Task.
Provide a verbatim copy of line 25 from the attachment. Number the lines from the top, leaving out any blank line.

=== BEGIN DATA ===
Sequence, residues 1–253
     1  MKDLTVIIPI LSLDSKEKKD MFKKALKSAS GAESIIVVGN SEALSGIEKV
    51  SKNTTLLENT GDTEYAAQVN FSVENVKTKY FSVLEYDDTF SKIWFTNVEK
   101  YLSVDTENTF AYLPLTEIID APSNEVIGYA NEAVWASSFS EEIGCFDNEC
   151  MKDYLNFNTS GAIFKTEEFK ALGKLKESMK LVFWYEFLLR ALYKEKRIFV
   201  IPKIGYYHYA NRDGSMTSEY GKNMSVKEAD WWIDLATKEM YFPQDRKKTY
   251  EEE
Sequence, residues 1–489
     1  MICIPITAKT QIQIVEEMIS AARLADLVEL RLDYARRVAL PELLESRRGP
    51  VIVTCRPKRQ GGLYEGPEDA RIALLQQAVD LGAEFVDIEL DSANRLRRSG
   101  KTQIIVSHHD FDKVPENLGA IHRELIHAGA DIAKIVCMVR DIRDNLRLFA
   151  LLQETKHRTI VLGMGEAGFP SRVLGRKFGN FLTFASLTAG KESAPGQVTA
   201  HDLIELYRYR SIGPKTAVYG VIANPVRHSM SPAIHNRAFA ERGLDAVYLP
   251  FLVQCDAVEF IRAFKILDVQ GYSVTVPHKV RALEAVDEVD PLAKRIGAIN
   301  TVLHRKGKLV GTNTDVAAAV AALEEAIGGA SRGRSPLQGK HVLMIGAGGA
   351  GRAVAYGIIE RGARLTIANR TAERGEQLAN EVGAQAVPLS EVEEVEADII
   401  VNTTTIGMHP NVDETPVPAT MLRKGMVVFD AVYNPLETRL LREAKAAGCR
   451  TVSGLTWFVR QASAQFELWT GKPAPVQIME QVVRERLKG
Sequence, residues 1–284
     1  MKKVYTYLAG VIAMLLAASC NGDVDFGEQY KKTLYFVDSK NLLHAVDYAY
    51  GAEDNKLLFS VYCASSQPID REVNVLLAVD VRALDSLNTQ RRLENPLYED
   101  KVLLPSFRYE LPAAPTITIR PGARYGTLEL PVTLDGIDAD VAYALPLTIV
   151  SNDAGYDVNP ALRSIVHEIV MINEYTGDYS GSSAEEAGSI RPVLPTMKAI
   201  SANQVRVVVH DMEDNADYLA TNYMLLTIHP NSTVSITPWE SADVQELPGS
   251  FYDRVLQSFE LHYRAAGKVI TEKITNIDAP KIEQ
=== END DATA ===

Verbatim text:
   251  FYDRVLQSFE LHYRAAGKVI TEKITNIDAP KIEQ